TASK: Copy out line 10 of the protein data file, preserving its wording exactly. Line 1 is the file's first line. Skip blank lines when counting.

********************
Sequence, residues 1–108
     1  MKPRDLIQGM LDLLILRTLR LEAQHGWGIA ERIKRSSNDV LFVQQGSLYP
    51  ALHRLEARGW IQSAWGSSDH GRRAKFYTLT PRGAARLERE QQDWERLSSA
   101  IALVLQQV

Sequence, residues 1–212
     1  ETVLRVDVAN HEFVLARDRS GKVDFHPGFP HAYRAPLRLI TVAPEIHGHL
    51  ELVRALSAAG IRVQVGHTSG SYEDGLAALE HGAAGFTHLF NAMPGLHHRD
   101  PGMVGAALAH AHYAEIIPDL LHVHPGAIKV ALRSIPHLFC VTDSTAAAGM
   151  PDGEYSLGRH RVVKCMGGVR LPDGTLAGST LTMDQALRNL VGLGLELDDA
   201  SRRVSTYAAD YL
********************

   201  SRRVSTYAAD YL